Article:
Successes and failures of landing an egg on ‘Mars’

SUS-150313-163448001
SUS-150313-163448001

Bubble wrap, balloons and bin liners were used as students attempted to come up with a contraption to safely drop an egg onto the surface of ‘Mars’.

The challenge, at Worth School, was taken up by 40 children from schools across the area, including Copthorne, on March 10.

The idea was to design a rover module which could survive an 18.5-metre drop from the school’s clock tower.

It had to protect not only itself but its occupant – an egg – before tackling the undulating Martian landscape (which had been set up in the school grounds).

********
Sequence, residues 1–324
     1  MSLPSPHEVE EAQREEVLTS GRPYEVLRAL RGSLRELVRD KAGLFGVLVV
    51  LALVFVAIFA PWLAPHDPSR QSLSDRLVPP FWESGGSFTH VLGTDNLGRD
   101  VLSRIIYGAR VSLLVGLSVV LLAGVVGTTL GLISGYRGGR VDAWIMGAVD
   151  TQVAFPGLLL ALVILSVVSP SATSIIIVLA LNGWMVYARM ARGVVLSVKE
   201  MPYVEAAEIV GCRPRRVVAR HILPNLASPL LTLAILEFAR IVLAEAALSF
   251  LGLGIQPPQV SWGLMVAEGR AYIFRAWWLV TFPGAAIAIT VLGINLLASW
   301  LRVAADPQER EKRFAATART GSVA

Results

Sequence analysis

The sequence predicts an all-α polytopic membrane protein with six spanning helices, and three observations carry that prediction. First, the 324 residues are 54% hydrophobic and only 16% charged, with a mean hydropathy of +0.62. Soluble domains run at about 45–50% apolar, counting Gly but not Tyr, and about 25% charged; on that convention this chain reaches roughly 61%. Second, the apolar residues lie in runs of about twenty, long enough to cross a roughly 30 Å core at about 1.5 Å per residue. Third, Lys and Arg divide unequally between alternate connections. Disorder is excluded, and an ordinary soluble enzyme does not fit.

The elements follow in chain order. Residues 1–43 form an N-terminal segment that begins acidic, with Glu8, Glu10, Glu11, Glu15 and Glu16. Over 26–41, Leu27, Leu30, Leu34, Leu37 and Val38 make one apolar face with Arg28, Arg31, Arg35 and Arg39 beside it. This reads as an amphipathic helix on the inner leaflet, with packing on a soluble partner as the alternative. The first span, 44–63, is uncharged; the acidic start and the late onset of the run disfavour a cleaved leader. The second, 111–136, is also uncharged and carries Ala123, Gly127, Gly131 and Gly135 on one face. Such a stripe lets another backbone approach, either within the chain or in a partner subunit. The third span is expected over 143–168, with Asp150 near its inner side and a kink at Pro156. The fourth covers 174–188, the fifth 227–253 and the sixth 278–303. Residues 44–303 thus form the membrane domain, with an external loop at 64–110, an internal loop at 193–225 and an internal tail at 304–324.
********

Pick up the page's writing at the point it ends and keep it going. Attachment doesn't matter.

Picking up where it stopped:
The eggs were soon flying as the Year 7 and 8 students vied to come up with the most spaceworthy creations using bottles, paper, bubble wrap, balloons, cardboard, elastic bands and dustbin liners.

Only six of the nine creations survived with their eggs intact – but the surface of Mars proved too much for them all and none of the survivors were able to finish the course.

The event was organised by Chris Smith, Worth’s head of physics.

He said: “I wanted to run an event that made science really practical and fun allowing students to develop their creativity and problem solving skills.”

Lesley Coppin, head of science from Copthorne Prep School added: “My children were discussing how they could have modified their designs on the way home and how they could have prevented damage to the lander. So I would say ‘mission achieved’!”